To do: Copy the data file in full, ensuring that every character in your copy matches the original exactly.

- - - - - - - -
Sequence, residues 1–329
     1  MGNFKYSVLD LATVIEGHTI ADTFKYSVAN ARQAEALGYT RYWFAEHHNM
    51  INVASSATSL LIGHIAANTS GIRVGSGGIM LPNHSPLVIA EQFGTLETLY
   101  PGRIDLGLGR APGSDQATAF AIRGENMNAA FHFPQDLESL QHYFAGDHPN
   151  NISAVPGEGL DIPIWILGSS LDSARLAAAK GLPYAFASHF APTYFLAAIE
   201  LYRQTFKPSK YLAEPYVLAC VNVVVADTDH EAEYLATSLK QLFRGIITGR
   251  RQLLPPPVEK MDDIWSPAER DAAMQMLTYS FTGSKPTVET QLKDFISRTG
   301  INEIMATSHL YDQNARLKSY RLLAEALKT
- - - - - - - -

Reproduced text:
Sequence, residues 1–329
     1  MGNFKYSVLD LATVIEGHTI ADTFKYSVAN ARQAEALGYT RYWFAEHHNM
    51  INVASSATSL LIGHIAANTS GIRVGSGGIM LPNHSPLVIA EQFGTLETLY
   101  PGRIDLGLGR APGSDQATAF AIRGENMNAA FHFPQDLESL QHYFAGDHPN
   151  NISAVPGEGL DIPIWILGSS LDSARLAAAK GLPYAFASHF APTYFLAAIE
   201  LYRQTFKPSK YLAEPYVLAC VNVVVADTDH EAEYLATSLK QLFRGIITGR
   251  RQLLPPPVEK MDDIWSPAER DAAMQMLTYS FTGSKPTVET QLKDFISRTG
   301  INEIMATSHL YDQNARLKSY RLLAEALKT